Measuring learning outcomes is difficult in any environment, especially in a corporate setting where learning is often viewed as incidental to employees’ day-to-day responsibilities.
In our experience, learning is most effective when it has the following two characteristics:
- Hands-on – Effective learning includes both theory and practice. It’s easy to sit through a lecture, passively absorb the information, and believe that you “get it.” However, you cannot truly understand a topic until you have applied it yourself, asked questions, and assimilated it in your own way.
- Accountable – Company leadership and mentors should be involved in learning. When learning is conducted solely by HR and/or outside consultants, employees will understand that the company regards it as unimportant and, consequently, will invest less time and energy. (If company leadership does not want to be involved in learning, perhaps you need to rethink what “learning” you’re offering.)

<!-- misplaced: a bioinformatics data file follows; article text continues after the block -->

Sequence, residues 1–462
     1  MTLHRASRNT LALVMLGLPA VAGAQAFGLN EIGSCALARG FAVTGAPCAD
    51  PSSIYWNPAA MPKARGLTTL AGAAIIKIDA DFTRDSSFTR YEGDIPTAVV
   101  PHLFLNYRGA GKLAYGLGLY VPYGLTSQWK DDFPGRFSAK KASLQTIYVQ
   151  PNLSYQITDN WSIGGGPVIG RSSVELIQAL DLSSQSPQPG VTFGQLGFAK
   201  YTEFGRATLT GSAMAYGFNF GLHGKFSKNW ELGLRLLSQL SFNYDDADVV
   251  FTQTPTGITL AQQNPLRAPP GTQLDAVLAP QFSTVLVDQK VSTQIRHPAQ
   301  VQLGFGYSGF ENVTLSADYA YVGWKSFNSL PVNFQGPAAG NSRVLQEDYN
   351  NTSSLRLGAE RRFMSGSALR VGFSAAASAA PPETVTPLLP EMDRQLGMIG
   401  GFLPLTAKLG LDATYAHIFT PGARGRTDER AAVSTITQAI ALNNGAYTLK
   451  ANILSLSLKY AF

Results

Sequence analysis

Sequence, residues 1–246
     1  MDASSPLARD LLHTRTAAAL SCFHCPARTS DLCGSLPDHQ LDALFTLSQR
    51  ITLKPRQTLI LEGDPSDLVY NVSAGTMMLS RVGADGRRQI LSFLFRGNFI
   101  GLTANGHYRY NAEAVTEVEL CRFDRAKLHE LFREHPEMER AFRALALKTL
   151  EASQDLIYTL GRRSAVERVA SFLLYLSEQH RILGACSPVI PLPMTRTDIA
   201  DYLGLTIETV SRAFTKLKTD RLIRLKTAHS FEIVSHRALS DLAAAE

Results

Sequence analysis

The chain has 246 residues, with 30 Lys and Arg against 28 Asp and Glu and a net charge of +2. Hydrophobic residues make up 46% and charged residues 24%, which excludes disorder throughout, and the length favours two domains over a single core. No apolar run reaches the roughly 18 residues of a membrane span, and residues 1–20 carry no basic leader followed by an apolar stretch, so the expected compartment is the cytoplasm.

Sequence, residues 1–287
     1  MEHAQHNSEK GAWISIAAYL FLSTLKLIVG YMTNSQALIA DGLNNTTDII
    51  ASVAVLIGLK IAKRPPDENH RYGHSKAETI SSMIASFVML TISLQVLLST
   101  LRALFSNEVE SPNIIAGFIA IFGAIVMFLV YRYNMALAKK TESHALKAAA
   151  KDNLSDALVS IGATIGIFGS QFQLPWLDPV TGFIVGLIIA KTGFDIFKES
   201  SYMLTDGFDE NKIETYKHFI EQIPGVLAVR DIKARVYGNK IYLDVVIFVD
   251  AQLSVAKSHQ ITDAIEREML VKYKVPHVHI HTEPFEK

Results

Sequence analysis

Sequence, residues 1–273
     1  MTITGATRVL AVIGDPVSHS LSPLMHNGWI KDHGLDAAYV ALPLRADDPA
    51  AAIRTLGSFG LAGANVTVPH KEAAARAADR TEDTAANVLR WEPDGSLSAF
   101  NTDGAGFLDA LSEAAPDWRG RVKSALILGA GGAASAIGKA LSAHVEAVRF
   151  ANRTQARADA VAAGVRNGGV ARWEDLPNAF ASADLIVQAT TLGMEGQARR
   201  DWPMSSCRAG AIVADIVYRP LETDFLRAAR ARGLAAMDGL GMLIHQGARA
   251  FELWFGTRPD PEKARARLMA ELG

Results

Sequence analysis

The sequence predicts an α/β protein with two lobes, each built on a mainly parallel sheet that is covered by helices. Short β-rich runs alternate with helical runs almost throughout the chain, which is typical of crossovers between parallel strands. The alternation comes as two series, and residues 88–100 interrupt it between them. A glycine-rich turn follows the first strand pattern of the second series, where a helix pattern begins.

These two principles will improve learning outcomes and measurement. However, the improved “measurement” is not a more precise quantitative measure of learning that is recorded in an employees’ file, but rather a real-time demonstration of ability to the leaders and peers that an employee works with on a daily basis. This answer may not be helpful for quantifying learning outcomes — but that’s precisely the point. Quantifying learning reduces it to a task when it should be the genuine and open-ended pursuit of improvement and knowledge. (If you think that’s naive, it probably says more about your expectations for corporate learning than it does about our opinion!)
Most importantly, when leaders and mentors are involved, they can incorporate the learning objectives into day-to-day operations, through informal coaching or by formally incorporating them into the performance management process. This demonstrates to the employee that the company considers the learning to be important and provides continuity for the learner beyond the classroom.